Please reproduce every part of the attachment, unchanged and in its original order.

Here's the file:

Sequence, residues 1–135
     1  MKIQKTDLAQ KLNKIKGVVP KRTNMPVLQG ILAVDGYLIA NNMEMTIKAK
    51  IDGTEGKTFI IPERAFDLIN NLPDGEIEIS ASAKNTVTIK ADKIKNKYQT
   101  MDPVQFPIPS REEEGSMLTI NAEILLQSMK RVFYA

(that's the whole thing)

Sequence, residues 1–135
     1  MKIQKTDLAQ KLNKIKGVVP KRTNMPVLQG ILAVDGYLIA NNMEMTIKAK
    51  IDGTEGKTFI IPERAFDLIN NLPDGEIEIS ASAKNTVTIK ADKIKNKYQT
   101  MDPVQFPIPS REEEGSMLTI NAEILLQSMK RVFYA